Monday, December 16, 2013

Tinkerbell is all grown up

Two Sunday evenings a month my youngest daughter and I are together alone. I pick her up from her dad's house at 4 pm, then the rest of the evening it's just her and me.

I love these Sundays. She gets extra attention, and I get extra 4-year-love. It's easy and comfortable and nice way to wind down the weekend.

Plus, there are invariably some gems that come out that girl's mouth. Some comments that make me laugh out loud and wish I was one of those organized moms that wrote down all of these snippets  for prosperity's sake.

If you've not met her, my preschooler is pretty spunky. She is not shy, or cautious, and definitely tells you what she thinks, as do most 4 year olds, I think.

Tonight she saw her Tinkerbell sippy cup on the counter next to the sink and asked if she could drink the juice in it.

She could not, I replied.

Because it was not juice. (It might have been Fireball left over from Friday night's Slightly Stoopid concert pre-party, or it might not have been. But regardless, the contents of the sippy cup were not for her consumption.)

"But it's my sippy cup," she replied to my denial of her request.

"Well, it's my juice, I told her and then went on to do that totally annoying parental move of shoving her financial dependence in her face: "I actually bought it, so it's not solely yours, anyway," I replied. But then remembered that she lifted it from the local Target. It was concealed in the upper basket section when she was about two, it was totally innocent and unplanned, but the bottom line is that it arrived at our house unpaid for.

I made them mistake of thinking out loud on this one, and my girl ran with it.

"Yeah, I'm the one who stealed it, so it's mine, and I can have the juice."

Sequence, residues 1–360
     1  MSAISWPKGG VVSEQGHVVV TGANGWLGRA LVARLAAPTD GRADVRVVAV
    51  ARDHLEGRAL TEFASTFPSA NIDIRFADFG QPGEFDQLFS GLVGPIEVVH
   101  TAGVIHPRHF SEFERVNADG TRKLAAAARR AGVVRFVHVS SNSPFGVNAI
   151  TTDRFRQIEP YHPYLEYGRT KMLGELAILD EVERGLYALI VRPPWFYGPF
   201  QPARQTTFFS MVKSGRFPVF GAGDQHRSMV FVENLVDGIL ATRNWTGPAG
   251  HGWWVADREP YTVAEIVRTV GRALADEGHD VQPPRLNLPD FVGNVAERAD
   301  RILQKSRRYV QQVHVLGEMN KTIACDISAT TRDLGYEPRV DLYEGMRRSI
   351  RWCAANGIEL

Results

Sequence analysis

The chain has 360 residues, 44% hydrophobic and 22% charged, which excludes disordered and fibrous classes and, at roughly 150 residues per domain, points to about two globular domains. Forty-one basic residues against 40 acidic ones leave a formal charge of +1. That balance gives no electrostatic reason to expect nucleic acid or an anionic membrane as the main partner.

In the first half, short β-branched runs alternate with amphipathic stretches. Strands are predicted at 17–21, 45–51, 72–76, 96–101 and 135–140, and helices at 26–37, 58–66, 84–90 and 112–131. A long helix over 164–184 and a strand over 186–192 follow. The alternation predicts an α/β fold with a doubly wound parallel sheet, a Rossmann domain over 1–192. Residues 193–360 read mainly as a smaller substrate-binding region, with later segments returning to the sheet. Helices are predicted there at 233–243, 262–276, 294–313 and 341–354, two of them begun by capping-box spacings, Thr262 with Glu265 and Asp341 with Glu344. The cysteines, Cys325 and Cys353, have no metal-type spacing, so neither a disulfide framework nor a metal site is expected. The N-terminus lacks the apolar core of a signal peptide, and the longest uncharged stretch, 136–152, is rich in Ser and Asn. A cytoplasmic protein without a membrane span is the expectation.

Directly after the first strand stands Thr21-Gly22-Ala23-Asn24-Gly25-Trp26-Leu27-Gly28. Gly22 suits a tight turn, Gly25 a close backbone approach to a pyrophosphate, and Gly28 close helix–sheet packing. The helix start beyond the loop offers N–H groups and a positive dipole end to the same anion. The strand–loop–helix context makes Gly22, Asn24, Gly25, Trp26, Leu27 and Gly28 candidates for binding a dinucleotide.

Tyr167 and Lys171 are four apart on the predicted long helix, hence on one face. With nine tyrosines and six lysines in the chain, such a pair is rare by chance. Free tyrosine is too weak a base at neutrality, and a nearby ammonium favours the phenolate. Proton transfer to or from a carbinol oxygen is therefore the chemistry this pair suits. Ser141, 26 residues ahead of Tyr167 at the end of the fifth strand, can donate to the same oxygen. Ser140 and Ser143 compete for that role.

Nice logic, but no.

And the ease to which you just ran with that theft angle? Slightly scary.

Later on, after we read bedtime stories, one of which was an illustrated book of the Twelve Days of Christmas, which I of course sang to her, she told me, "You're a better singer than Anneke." (Her older sister.)

"Huh, do you think so?" I asked.

"Yeah," she replied, the continued with, "Do you think you'll be a singer when you turn 21?"

Don't you just love her?

And don't you just love the fact that this short post about my preschooler's overnight last night was full of sex theft, drugs, and rock 'n roll?

I'm clearly doing this parenting thing right.


Bree at Clarity Defined said...

I love everything about this post.

Me, You, or Ellie said...

Oh Beth, I have a *much* better photo of the sippy cup that you could have used for this post. hee hee. Thanks for sharing your juice, it was delicious.

Love that little pip of yours, she's aces.


Pat said...

You have described her strength, intelligence and determination to a tee! She is a corker.
And I love you both.
Love, Mom/Nonnie

Me, You, or Ellie said...

Yes you are, yes you are.

I love her too, even though I have never, gulp, met her. I know I know: I suck.

We have lots of mutual friends, though, and everyone speaks *very* highly of her.

I love you, and I love juice.


Beth said...

Ha, Jacquie, I do want to see those better photos!

And, Ellie, sheez, that's true isn't it? I can't believe you've never met her! We'll have to make it happen. Best scenario, you and Mistah get in the Subaru and start driving. West.

And Breanne, thank you for not judging ;)


Me, You, or Ellie said...

I am *not* driving West in my Subaru. Westy could probably make it.